Examining and mitigating the risks to workers exposed to harmful emissions
The global challenge of dealing with the health effects of exposure to diesel exhaust is wide-ranging and encompasses regional health authorities concerned about persons living and/or working in close proximity to freeways and major thoroughfares, as well as corporations employing personnel who work alongside diesel powered equipment. Whilst accepting evidence of such serious community concerns one wonders how much more serious is the challenge for those working in our underground mines where diesel powered equipment predominate.
In this article, I will discuss an ongoing epidemiological study sponsored by the National Health and Medical Research Council (NHMRC) of the incidence of lung cancer contracted by mineworkers and their exposure to diesel exhaust which is being obtained from data held by the health authorities and the Western Australian Department of Mines and Petroleum. The principal aim of this study is to investigate the possible link between the two. The article will also attempt to review current knowledge of the nature of the challenge facing those responsible for the mining industry in Western Australia.
The scale and seriousness of the challenge became much clearer in 2012 following two significant events. Firstly in March of that year the National Institute for Occupational Health (NIOSH) and the National Cancer Institute (NCI) published their 20-year ‘Diesel Exhaust in Miners Study’ report which involved a cohort mortality study of 12 315 mineworkers exposed to diesel exhaust at eight US non-metal mines. This study indicated a strong relationship between the level of exposure and risk of lung cancer mortality to such an extent that the mortality rates for those at higher exposures were 3 to 5 times greater compared to those who had the lowest exposures (Attfield et al, 2012).
Secondly and soon thereafter the World Health Organisation’s (WHO) International Agency for Research on Cancer (IARC) changed the categorisation of diesel exhaust from Group 2A to ‘Carcinogenic to Humans, Group 1’, based on the evidence of a number of epidemiological and toxicological studies carried out over previous decades.
‘Diesel Exhaust Exposure in Western Australian (WA) Mines and Lung Cancer Risk’
This is an NHMRC sponsored epidemiological study involving miners employed in WA mines from 1996 to 2012 led by Dr Susan Peters, Research Fellow University of Western Australia.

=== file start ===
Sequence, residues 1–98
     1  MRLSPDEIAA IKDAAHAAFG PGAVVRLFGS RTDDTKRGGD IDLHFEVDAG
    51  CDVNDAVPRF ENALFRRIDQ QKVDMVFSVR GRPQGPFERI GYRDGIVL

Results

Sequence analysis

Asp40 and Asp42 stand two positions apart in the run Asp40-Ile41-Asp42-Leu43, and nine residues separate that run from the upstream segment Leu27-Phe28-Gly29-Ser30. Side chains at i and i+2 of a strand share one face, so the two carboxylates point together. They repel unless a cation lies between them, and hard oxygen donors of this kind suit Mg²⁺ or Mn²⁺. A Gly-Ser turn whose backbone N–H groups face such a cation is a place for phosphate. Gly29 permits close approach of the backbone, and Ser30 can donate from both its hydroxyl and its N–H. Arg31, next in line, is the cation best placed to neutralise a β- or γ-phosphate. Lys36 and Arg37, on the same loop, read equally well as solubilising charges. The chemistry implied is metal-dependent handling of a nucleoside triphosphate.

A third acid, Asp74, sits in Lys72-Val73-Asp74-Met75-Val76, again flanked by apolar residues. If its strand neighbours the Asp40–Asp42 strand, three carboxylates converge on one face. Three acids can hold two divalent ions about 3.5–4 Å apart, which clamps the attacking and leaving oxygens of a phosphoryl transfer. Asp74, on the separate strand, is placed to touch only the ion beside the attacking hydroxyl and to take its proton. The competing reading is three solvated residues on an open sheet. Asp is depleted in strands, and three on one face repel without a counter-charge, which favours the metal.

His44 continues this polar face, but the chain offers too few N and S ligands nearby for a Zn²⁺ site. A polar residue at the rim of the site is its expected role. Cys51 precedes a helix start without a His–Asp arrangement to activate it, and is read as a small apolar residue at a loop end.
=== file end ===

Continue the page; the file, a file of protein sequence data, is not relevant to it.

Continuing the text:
The research team consists of national and international experts with specialised skills in epidemiology, clinical medicine, industrial hygiene and biostatistics, with access to a body of professionals in an Advisory Committee with knowledge of the mining industry, lung cancer and diesel exhaust.
It is the first such study carried out in Australia and its objectives include:
- estimating the risk of lung cancer among miners
- estimating current levels of exposure to diesel exhaust in WA mines
- investigating the exposure-response relationship between diesel exhaust and lung cancer for the full exposure range adjusting for various confounding risk factors such as smoking and exposure to asbestos, etc
- estimating the number of lung cancers attributable to occupational exposure each year.
Although there was an extensive body of evidence that convinced the IARC to re-categorise exposure to diesel exhaust as carcinogenic to humans, some questions still remain. For example, there were almost no female workers included in the US studies which raises the issue of the lung cancer risk among women exposed to diesel exhaust.
The researchers have ready access to a series of unique databases in WA which provide a fertile basis for this study. These include:
- health surveillance database of WA miners from 1996 to 2012 (n = approx 245 000; 12 per cent female)
- demographic characteristics and smoking habits
- WA cancer registry and mortality records
- CONTAM database of the Department of Mining and Petroleum containing results of diesel exposure monitoring from WA mines since 2003.
This research project is of three years duration, and it is anticipated the study will provide the WA mining industry with sound evidence to formulate a strategy for managing, ameliorating and/or overcoming the potential health effects to mine workers exposed to diesel exhaust.
Occasionally, the design of modern technology can solve one problem yet create another unexpected and unintended consequence. Whereas modern diesel engines with various after-treatment devices are significantly more efficient and produce less soot than in the past, their exhaust products have become more toxic and hazardous. The primary reason for this is the significant reduction in the discharge of carbonaceous (soot) particles which, although produced in larger quantities in the older engines, served the very useful purpose of adsorbing much of the toxic gases on their surface (Uhrner et al, 2011). Consequently the physical and chemical dynamics occurring in the dilution plume beyond the tailpipe with the newer engines is significantly different with the cooling of the discharged hot gases not only causing condensation on various surfaces, but as they become super-saturated the volatile organic compounds (VOCs) nucleate to form a new range of ultra-fine nanoparticles.